* Corn falls 2 pct, soy dips from 4-month top
* Planting pace seen slowest since 1996
* Warmer forecast enhances crop growing conditions
* Grain markets eye June 12 USDA monthly forecasts
(Updates prices, adds analyst quotes)
By Michael Hirtzer
CHICAGO, June 10 (Reuters) - U.S. corn futures plunged 2
percent on Monday, the most in about a month, as forecasts for
warmer weather promised good growing conditions in the Midwest
crop belt and snapped a streak of four sessions without a
Wheat and soybean futures followed declines in corn at the
Chicago Board of Trade, with wheat touching a two-week low as
the early U.S. harvest advanced.
"We didn't get as much rain in some of the wettest areas and
the forecast is warmer and drier this week. Consequently, we are
taking some risk premium out of the market," said Don Roose,
analyst at brokerage U.S. Commodities in West Des Moines, Iowa.
Occasional rains this week will delay the final plantings of
this year's corn and soybean crops, but warmer weather in the
U.S. Midwest is expected to boost growth prospects.
"For crops that are in the ground, it's nearly ideal with
plentiful soil moisture and warmer temperatures," said John Dee,
agricultural meteorologist for Global Weather Monitoring.
Analysts polled by Reuters expect the U.S. Agriculture
Department to report the slowest crop seedings since 1996 in a
weekly report due at 3 p.m. CDT (2000 GMT).
The USDA will update global supply and demand forecasts in a
monthly report slated for release on Wednesday.
CBOT July corn futures fell 16-1/4 cents to a one-week
low of $6.50 per bushel, dropping the most since May 15.
New-crop December futures settled 12-1/2 cents, or 2.2
percent, lower at $5.46.
"The weekend was definitely a bit drier than expected," Joel
Widenor, agricultural meteorologist at Commodity Weather Group,
told the Thomson Reuters Global Ags Forum.
Widenor added the southern U.S. Plains wheat belt was likely
to be warm and dry through the end of the month, which should
aid harvest of the crop.
CBOT July wheat finished about 1 percent, or 9-1/4
cents, lower at $6.89-3/4 per bushel after earlier falling to a
session low of $6.80-1/2, a level last seen on May 22.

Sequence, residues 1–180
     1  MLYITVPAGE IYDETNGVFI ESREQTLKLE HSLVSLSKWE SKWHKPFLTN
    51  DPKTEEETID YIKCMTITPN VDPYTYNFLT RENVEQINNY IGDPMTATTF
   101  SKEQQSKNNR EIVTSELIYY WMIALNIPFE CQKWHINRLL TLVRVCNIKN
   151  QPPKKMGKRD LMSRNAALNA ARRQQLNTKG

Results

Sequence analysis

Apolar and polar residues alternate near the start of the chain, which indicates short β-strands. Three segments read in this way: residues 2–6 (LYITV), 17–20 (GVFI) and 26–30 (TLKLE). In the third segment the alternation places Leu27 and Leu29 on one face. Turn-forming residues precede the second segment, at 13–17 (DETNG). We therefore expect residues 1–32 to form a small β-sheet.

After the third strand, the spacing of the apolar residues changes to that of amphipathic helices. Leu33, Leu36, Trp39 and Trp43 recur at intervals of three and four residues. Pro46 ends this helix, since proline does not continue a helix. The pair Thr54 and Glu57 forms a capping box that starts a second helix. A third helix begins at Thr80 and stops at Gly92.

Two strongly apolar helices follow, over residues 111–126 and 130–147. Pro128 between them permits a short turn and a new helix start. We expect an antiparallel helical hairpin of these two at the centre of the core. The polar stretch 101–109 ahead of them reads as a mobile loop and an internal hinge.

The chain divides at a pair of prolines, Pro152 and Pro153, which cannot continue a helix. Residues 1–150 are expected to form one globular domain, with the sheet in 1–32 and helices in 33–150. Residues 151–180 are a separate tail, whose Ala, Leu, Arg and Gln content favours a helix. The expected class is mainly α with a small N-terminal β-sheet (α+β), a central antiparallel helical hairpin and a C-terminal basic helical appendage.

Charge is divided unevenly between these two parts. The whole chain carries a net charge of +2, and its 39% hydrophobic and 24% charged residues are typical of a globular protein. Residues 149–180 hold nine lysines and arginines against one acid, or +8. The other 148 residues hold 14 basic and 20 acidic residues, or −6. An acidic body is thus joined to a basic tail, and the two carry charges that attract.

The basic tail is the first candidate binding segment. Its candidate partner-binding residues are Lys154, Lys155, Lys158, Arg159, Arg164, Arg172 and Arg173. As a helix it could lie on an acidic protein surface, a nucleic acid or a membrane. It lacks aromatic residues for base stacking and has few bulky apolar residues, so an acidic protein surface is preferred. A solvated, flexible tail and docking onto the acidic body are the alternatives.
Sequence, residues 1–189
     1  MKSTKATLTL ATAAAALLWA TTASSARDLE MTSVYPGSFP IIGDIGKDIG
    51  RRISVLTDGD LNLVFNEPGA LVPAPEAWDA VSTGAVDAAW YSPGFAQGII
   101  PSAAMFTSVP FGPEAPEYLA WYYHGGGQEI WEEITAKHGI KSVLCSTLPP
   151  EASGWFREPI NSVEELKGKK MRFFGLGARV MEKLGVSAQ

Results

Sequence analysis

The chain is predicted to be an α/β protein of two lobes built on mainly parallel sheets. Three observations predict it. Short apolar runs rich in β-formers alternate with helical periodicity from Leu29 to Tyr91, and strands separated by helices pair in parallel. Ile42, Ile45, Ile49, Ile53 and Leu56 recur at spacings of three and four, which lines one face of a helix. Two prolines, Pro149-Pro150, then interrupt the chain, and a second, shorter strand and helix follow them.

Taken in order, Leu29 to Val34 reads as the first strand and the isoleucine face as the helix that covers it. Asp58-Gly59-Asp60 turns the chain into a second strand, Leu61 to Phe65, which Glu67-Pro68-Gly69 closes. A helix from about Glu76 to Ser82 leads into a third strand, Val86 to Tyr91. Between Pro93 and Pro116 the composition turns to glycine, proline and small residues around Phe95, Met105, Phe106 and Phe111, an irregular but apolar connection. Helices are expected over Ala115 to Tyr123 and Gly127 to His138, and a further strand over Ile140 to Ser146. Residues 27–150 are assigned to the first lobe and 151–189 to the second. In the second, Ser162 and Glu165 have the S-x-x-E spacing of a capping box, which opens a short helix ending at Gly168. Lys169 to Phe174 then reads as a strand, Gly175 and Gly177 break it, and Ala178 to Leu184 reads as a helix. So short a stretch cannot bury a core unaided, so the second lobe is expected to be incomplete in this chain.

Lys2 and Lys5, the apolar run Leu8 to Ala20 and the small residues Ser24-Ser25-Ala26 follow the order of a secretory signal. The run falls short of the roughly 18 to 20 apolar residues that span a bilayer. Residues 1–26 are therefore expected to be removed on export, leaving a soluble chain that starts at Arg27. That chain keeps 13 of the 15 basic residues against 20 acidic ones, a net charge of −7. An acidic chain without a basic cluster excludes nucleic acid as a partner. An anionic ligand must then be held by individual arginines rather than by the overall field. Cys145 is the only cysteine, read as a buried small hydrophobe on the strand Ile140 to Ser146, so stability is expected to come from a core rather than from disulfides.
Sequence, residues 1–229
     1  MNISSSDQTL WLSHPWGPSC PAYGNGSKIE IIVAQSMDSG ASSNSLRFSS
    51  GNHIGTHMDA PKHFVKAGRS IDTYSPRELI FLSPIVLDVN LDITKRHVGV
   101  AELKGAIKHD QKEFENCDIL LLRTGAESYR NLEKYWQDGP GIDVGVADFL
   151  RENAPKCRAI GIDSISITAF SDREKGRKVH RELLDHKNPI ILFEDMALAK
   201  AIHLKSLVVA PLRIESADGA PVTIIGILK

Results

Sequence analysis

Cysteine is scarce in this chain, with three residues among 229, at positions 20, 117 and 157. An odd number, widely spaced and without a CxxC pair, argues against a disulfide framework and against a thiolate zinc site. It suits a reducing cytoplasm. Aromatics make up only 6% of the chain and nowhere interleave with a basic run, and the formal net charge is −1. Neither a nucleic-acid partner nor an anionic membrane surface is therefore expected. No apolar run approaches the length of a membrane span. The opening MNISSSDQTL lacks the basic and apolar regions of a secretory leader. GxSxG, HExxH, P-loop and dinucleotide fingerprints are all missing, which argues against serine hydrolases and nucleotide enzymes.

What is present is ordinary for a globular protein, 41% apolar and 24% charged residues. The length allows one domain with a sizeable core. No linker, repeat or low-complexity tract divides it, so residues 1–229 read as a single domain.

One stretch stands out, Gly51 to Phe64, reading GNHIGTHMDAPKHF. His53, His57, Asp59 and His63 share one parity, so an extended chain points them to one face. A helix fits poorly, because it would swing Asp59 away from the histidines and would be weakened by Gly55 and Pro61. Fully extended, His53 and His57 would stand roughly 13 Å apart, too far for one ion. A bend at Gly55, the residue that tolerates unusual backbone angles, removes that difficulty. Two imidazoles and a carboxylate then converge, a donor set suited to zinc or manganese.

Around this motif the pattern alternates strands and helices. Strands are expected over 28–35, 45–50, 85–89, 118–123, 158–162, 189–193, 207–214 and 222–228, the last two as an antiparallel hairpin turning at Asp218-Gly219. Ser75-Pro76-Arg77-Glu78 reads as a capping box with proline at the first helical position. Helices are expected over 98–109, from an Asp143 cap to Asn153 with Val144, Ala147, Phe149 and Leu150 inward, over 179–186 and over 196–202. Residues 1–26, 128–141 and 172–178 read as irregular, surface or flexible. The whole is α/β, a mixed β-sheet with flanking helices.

New-crop November soy ended 11-1/4 cents lower at
$13.19 after climbing last week to its highest level since Feb.
7. Old-crop July soybeans fell 16-1/2 cents to $15.11-3/4.
U.S. wheat prices remained under pressure from slack demand
for U.S. white wheat following the discovery of a genetically
modified wheat strain in Oregon.
"Wheat slipped down in sympathy with the corn and off a bit
of chart selling, with little fresh in the way of export
demand," Charlie Sernatinger, analyst at EDF Man Capital, said
in a note to clients.
Japan, the United States' top white wheat customer, declined
for a second straight week to bid at its weekly tender. South
Korea has formally suspended U.S. wheat purchases, while the
European Union said it would step up testing.
U.S. wheat will be in contention in a tender issued by Iraq
on Sunday that closes later this month.
Prices at 2:33 p.m. CDT (1933 GMT)
LAST NET PCT YTD
CHG CHG CHG
CBOT corn 650.00 -16.25 -2.4% -6.9%
CBOT soy 1511.75 -16.50 -1.1% 6.6%
CBOT meal 448.30 -4.20 -0.9% 6.6%
CBOT soyoil 48.07 -0.46 -1.0% -2.2%
CBOT wheat 689.75 -6.50 -0.9% -11.3%
CBOT rice 1600.00 14.50 0.9% 7.7%
EU wheat 201.50 -2.25 -1.1% -19.5%
US crude 95.77 -0.26 -0.3% 4.3%
Dow Jones 15,249 1 0.0% 16.4%
Gold 1385.25 1.36 0.1% -17.3%
Euro/dollar 1.3256 0.0035 0.3% 0.5%
Dollar Index 81.6610 -0.0080 0.0% 2.4%
Baltic Freight 815 3 0.4% 16.6%
(Additional reporting by Gus Trompiz in Paris and Naveen
Thukral in Singapore; Editing by Anthony Barker, Jim Marshall,
Sofina Mirza-Reid and Steve Orlofsky)